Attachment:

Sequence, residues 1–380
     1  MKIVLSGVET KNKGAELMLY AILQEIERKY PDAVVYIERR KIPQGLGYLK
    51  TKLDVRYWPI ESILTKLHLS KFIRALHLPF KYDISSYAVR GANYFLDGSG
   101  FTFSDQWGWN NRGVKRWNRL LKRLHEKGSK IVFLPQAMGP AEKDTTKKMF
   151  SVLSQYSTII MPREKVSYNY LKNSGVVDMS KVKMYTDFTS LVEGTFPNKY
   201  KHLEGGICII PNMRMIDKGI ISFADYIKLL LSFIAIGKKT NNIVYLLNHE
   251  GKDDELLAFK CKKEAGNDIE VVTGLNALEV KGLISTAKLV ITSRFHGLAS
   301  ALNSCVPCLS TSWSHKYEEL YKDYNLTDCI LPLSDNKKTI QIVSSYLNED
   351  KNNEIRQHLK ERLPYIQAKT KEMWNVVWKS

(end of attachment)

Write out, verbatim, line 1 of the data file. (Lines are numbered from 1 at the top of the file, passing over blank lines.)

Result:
Sequence, residues 1–380